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Water from the Caribbean flows through the Yucatan Channel into the Gulf, loops clockwise, and exits through the Florida Straits to become part of the Gulf Stream. This physical behavior is quite constant, though the depth of intrusion into the Gulf and the frequency with which eddies are formed and shed from the main Loop Current vary dramatically from year to year. The biological activity and sea surface temperature (SST), however, change markedly over the course of a single year.
In the winter months, warm water from the Caribbean forms sharp temperature gradients as it intrudes into the colder Gulf of Mexico waters as shown in subsequent AVHRR imagery (Feb'94, Feb'95, Jan'96). This Caribbean water is always low in chlorophyll pigments due to its nutrient-poor source waters. Pigment concentrations in the deep Gulf waters, however, reach a maximum at this time as the winter overturning of the surface waters mixes downwards and brings the nutrient rich waters from below. Later, in the spring, river discharge into the coastal waters increases nutrient supply to the phytoplankton, allowing maximum growth during these months as shown in the CZCS/ocean color images. In the CZCS imagery, the ocean color data have been converted to pigment concentration using standard NASA algorithms, and the purple/blue colors show clear waters (low pigment concentrations) and green, yellow, orange and red show more turbid waters or water with a higher phytoplankton concentration or higher gelbstoff levels (Dec'80, Jan'81, Feb'81). Phytoplankton growth increases simultaneously across the Gulf. Thus, during these colder months, sea surface temperature is more effectively used than chlorophyll pigment concentration as a Loop Current tracer. Pigment concentrations, while high in the winter, do not have the horizontal structure necessary to effectively trace flows in remote-sensing imagery.
During summer, the temperature of the Gulf waters reaches a maximum between July and September. These increases reduce the previous temperature contrast between the Loop Current and Gulf waters, making them indistinguishable using SST imagery (Jul'94, Aug'95). The pigment-poor Loop Current water, however, extends farthest into the Gulf at this time of year. The chlorophyll pigment concentration, while declining from its spring value due to less river discharge (hence lower nutrient availability), is still great enough to be easily distinguishable from CZCS imagery of the very clear Caribbean waters that now extend quite deeply into the Gulf of Mexico (May'80, Jun'80, Jul'80).
Thus, while horizontal gradients in biological processes are most clearly seen during summer from satellites, a combination of SST and chlorophyll pigment concentration imagery allow for year-round observation of near-surface processes caused by flow dynamics within the Gulf of Mexico.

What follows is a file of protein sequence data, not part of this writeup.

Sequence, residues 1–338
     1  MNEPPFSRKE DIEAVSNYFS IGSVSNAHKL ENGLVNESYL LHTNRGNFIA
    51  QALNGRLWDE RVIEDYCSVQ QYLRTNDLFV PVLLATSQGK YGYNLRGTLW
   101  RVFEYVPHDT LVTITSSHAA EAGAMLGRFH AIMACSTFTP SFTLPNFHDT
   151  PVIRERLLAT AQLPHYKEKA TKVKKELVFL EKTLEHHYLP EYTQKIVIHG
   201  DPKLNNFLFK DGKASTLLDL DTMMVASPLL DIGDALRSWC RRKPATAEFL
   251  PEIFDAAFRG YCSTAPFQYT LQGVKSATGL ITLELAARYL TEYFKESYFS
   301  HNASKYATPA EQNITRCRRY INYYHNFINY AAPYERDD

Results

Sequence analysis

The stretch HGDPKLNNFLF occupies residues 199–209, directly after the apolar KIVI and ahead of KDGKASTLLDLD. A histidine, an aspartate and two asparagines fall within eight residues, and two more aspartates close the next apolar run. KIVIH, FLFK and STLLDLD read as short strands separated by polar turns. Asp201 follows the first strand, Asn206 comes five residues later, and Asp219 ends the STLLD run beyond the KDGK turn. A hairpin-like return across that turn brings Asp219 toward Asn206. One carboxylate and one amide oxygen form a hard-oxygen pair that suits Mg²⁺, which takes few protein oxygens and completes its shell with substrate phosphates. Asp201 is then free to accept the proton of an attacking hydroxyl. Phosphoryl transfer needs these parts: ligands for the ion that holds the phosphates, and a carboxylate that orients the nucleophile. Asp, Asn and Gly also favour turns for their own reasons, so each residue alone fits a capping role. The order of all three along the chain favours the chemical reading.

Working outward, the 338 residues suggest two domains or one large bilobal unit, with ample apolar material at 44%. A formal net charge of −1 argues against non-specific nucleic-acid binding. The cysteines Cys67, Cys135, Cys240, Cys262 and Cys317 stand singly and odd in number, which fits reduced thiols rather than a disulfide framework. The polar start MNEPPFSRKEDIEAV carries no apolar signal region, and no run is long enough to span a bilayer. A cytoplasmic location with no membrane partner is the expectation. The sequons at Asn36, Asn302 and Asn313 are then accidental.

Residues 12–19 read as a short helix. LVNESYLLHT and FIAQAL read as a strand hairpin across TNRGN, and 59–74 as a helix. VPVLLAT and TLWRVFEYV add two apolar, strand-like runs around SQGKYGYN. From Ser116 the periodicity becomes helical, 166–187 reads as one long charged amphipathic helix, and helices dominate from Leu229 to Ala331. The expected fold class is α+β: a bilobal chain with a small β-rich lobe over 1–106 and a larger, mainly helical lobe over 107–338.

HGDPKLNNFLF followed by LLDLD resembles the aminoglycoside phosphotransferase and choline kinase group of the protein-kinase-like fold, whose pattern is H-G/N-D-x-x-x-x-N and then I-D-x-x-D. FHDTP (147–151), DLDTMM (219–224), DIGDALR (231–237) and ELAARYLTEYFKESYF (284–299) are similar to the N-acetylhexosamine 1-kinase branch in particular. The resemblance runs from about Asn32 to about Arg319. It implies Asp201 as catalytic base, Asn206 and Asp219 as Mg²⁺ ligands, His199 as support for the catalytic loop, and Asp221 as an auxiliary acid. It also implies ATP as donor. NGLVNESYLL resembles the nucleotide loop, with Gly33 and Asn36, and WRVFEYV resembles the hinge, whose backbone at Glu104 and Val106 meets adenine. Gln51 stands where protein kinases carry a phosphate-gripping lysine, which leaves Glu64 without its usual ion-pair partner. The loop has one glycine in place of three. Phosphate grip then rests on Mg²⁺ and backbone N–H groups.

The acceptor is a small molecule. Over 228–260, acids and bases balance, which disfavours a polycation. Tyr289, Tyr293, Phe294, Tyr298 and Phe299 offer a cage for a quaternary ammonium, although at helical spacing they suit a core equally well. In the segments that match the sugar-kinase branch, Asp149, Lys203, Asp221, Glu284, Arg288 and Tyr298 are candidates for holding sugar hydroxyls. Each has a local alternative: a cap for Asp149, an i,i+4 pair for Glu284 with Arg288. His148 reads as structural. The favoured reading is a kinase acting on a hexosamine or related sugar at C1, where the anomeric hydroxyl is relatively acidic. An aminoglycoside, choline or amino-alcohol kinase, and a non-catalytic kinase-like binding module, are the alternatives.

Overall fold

River Plume Biology:
Sea surface temperature and chlorophyll pigment concentration are also excellent indicators of river plumes and discharges. Coastal Zone Color Scanner (CZCS) data clearly show that large amounts of colored material enter the Gulf of Mexico via the Mississippi Delta and Mobile Bay (May'80, Aug'80, Jul'82). River discharge is high in sediment load, gelbstoff, nutrients, and chlorophyll pigments, greatly affecting the light signal emanating from the water and received at the satellite sensor. As a plume extends into the Gulf, the sediment gradually settles out, photodegradation of gelbstoff occurs, and the phytoplankton take up the accompanying nutrients. The phytoplankton are then grazed upon by autotrophic zooplankton. These effects change the reflected (backscattered light) and absorbed light with time, making the mixing patterns nonconservative. All these effects result in a decreased light signal. Additionally, any temperature difference between the river water and Gulf water erodes as one water body mixes with the other. These effects are seen in the monthly composites, as the river plume signal degrades rapidly as it moves away from the coast. The attenuation of light within the water column is greatly affected by the presence of phytoplankton, gelbstoff, and sediment. These effects are readily seen in the K490 images from the CZCS, depicting light attenuation at 490 nm (Dec'82, Jan'83). Temperature, gelbstoff, and chlorophyll pigment concentration are more conservative properties than suspended sediment, and they act as reasonable tracers on 1 to 5 day time scales.